Inhibition under Spontaneous Firing Induces Effective Synthronization among Neuronal Population
We investigated the novel synchronization phenomenon caused by weak inhibitory input. The synchronization effect of inhibitory synaptic inputs has been vastly investigated in many theoretical and physiological studies. It usually requires exceedingly strong inhibition which squashes the membrane potential to the reversal potential of inhibitory synapses. In this study, we exhibited weak inhibitory input is enough to synchronize neuronal population under spontaneous firing (Shinozaki et al., 2007 & 2010). When membrane potentials are close to the firing threshold, weak hyperpolarization totally closes half opened sodium channel. It reduces the degree of freedom for catching environmental noises, resulting synchronization of the membrane potential. The phenomena was validated both in numerical simulations and electrophysiological experiments in vitro.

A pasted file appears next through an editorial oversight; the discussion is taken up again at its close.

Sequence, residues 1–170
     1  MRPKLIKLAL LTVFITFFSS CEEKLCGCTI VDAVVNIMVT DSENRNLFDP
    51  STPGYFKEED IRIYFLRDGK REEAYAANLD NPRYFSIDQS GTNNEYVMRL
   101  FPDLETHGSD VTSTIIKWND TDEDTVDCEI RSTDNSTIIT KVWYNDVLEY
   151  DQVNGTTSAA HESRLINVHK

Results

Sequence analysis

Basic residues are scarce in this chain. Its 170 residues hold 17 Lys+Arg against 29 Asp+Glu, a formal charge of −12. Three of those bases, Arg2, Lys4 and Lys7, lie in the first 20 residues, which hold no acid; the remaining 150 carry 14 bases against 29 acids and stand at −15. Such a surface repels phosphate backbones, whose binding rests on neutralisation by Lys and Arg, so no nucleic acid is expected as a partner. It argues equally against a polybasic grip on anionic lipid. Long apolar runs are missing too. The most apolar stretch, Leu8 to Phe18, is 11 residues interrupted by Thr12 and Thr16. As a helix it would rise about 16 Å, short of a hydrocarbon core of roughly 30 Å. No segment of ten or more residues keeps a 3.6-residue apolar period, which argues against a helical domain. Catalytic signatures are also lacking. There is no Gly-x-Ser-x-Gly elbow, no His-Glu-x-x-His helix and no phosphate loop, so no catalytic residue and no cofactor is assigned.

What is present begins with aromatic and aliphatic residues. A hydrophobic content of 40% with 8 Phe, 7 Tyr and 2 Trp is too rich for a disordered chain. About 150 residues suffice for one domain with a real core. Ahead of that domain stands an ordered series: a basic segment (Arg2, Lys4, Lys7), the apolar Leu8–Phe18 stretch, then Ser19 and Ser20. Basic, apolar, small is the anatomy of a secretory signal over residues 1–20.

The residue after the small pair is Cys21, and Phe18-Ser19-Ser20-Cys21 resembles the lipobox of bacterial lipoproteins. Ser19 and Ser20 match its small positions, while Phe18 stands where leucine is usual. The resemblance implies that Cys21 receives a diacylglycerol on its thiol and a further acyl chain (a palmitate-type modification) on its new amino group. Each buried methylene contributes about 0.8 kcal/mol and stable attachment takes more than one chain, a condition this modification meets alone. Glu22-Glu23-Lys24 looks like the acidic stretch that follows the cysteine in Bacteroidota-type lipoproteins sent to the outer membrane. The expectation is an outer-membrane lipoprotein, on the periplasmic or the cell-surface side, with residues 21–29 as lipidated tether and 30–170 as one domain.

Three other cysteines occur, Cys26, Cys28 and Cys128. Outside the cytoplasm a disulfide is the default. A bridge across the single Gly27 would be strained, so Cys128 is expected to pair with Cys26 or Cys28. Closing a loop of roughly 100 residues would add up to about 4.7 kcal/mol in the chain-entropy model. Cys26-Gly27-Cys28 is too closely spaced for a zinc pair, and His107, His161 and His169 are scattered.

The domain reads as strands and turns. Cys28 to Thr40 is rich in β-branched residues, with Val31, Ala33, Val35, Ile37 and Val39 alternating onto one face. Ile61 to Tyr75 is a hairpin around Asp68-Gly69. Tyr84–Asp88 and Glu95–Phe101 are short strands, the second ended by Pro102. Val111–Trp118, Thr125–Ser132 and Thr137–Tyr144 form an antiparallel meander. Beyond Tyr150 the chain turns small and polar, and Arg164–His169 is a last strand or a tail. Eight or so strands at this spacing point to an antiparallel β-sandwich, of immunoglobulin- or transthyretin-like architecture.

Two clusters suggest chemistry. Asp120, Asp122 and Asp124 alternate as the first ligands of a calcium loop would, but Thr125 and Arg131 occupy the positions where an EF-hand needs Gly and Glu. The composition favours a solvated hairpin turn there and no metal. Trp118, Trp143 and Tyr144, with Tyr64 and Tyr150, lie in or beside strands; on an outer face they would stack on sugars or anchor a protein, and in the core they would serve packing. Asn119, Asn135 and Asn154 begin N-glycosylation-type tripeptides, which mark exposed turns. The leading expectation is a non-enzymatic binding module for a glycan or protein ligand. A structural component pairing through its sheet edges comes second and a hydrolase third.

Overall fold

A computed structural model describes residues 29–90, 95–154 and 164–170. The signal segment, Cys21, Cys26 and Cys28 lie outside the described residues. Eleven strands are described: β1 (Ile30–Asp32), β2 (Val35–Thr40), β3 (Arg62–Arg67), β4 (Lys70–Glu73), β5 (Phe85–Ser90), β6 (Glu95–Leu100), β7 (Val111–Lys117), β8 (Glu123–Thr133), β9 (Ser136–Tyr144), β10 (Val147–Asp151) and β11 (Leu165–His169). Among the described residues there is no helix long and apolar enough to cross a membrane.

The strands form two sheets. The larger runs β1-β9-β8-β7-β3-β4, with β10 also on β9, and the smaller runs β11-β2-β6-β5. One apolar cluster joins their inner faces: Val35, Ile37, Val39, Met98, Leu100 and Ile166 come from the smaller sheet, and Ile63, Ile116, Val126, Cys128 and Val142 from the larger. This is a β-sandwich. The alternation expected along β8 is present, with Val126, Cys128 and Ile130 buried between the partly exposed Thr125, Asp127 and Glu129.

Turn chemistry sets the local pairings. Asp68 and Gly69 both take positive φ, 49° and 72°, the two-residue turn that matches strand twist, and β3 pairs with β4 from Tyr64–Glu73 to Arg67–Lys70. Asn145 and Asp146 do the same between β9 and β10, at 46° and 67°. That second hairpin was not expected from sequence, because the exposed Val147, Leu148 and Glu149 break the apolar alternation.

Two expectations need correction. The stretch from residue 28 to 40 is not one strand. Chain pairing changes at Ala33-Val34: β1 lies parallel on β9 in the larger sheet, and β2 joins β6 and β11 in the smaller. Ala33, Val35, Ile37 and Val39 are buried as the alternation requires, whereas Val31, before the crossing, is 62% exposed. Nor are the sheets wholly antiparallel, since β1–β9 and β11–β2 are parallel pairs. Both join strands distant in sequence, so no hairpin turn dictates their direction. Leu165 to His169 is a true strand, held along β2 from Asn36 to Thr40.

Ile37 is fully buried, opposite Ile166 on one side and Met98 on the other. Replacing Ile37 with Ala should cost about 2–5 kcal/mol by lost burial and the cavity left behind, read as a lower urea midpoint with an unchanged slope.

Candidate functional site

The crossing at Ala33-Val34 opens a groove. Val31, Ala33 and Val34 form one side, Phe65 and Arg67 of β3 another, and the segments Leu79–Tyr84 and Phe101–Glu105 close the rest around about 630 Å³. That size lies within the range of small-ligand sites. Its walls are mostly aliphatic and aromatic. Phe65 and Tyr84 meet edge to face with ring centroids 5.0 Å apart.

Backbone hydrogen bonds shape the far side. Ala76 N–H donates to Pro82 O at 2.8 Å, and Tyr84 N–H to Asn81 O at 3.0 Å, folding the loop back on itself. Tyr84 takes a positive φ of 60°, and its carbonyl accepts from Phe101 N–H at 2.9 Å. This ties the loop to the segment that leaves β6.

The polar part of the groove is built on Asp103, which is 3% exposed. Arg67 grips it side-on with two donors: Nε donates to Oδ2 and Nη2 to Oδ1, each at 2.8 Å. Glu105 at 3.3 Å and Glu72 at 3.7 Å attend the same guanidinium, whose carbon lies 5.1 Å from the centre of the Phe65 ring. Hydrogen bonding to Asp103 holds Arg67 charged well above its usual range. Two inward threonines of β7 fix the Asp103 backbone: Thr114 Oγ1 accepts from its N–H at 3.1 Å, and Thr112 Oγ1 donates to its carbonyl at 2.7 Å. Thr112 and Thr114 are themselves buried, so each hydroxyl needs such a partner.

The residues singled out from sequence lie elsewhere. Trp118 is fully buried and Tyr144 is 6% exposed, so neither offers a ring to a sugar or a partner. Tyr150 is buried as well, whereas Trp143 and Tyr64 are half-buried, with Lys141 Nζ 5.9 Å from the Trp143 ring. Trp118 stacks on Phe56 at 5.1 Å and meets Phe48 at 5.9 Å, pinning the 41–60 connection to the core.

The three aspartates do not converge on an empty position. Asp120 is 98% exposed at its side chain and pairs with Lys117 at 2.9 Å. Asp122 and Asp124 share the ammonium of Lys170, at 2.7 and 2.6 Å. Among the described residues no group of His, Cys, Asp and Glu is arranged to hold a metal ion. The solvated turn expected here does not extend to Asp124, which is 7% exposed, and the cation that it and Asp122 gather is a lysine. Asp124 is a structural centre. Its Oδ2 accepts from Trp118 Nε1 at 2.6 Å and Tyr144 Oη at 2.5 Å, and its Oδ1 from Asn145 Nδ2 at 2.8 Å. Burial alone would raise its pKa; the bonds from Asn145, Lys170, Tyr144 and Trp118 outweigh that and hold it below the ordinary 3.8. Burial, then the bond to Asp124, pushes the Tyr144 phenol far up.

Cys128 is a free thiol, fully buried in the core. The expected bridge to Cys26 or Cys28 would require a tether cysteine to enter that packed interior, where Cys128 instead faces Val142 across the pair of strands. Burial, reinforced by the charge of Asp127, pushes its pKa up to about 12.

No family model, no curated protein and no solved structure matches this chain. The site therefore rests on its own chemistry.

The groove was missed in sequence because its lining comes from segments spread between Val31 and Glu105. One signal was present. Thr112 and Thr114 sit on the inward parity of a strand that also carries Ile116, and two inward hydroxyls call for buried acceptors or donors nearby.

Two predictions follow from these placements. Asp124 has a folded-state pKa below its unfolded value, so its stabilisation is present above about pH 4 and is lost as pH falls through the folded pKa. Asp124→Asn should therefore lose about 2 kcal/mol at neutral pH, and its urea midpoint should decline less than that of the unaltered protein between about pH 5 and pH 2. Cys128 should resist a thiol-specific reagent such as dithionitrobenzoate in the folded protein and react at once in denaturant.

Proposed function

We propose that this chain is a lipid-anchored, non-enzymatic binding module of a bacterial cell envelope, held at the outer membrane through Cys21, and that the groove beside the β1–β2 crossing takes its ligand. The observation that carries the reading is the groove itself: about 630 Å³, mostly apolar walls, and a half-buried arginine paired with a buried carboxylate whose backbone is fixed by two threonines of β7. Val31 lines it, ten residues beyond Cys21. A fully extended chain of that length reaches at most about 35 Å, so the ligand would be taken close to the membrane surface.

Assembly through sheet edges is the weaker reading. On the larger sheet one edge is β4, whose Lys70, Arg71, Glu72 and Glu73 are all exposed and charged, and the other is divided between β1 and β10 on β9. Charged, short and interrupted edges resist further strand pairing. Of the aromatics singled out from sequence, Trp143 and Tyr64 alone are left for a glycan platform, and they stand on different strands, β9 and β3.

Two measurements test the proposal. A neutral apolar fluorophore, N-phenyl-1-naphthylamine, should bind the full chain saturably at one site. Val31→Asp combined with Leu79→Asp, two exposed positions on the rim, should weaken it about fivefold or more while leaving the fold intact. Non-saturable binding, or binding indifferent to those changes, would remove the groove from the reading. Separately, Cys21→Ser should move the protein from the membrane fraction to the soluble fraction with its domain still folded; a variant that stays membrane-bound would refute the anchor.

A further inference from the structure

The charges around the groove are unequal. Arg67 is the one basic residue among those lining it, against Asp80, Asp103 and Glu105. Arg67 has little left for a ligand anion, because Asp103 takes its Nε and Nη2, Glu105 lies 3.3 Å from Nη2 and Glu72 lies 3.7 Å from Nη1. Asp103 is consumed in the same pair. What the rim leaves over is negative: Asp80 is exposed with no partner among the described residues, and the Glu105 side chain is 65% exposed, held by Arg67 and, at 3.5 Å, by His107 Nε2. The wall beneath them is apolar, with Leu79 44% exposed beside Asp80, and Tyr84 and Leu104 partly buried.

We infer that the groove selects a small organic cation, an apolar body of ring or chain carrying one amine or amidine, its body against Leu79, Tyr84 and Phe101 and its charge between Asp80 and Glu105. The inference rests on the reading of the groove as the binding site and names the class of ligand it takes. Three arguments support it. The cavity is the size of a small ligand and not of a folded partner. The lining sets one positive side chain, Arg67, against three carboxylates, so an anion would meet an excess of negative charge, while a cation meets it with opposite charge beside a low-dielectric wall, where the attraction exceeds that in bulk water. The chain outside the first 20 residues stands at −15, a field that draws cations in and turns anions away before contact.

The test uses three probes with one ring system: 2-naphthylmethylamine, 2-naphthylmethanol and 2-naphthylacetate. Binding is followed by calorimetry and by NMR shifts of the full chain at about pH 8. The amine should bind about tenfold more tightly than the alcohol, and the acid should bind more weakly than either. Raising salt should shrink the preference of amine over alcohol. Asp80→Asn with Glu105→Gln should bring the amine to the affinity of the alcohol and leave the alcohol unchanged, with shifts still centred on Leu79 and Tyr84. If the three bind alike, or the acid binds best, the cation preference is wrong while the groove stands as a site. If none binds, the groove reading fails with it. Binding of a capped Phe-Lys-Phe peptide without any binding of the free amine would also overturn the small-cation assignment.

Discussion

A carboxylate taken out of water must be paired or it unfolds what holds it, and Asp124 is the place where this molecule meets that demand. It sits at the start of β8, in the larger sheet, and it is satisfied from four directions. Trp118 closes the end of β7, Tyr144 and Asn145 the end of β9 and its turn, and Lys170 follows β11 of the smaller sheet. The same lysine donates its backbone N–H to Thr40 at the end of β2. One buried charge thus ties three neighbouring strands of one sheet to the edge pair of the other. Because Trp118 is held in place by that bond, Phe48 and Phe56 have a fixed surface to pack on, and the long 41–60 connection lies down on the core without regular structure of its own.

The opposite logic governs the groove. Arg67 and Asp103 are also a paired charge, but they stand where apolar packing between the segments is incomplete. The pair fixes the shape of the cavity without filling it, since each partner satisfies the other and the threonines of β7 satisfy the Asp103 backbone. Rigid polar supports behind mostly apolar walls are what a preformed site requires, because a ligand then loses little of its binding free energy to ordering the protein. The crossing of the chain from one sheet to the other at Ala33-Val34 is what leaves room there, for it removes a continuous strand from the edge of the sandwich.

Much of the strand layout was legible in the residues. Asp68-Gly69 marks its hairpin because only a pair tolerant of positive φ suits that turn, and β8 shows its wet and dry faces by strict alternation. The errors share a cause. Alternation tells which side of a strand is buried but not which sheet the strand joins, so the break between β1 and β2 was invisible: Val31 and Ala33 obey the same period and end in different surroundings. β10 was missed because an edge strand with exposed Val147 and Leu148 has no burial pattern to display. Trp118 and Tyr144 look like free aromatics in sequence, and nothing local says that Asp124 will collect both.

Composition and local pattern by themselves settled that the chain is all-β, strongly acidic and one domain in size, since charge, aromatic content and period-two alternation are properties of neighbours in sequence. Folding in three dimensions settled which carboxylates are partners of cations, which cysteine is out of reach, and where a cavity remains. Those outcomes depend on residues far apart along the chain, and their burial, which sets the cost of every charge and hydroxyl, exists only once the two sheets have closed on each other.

Moreover, we applied the phenomenon for controlling the firing propagation in a feedforward neural network with biologically plausible parameters (Shinozaki et al., 2013).